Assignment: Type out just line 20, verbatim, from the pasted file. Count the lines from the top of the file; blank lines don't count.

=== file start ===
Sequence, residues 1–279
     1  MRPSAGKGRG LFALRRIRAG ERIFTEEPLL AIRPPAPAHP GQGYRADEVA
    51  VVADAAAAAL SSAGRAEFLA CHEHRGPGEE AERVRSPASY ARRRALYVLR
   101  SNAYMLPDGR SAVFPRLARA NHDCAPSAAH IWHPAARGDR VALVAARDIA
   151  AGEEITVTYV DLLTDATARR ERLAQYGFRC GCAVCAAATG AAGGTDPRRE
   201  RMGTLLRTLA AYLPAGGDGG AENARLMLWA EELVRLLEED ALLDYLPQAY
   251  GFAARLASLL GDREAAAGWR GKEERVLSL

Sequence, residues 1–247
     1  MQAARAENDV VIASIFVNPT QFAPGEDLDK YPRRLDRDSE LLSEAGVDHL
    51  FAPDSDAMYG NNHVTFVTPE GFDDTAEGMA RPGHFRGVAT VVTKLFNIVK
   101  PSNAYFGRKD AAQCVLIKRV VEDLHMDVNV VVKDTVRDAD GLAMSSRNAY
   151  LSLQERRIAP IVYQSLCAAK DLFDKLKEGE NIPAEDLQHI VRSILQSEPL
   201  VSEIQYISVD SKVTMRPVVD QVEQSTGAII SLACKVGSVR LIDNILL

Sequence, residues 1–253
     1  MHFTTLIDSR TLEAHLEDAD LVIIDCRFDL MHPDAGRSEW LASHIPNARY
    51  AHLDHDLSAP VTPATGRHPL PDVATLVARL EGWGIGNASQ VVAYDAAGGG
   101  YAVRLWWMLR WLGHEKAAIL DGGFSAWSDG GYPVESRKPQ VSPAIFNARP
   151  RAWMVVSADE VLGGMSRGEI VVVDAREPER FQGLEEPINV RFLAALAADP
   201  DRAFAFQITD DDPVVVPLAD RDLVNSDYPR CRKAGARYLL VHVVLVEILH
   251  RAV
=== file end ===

   251  RAV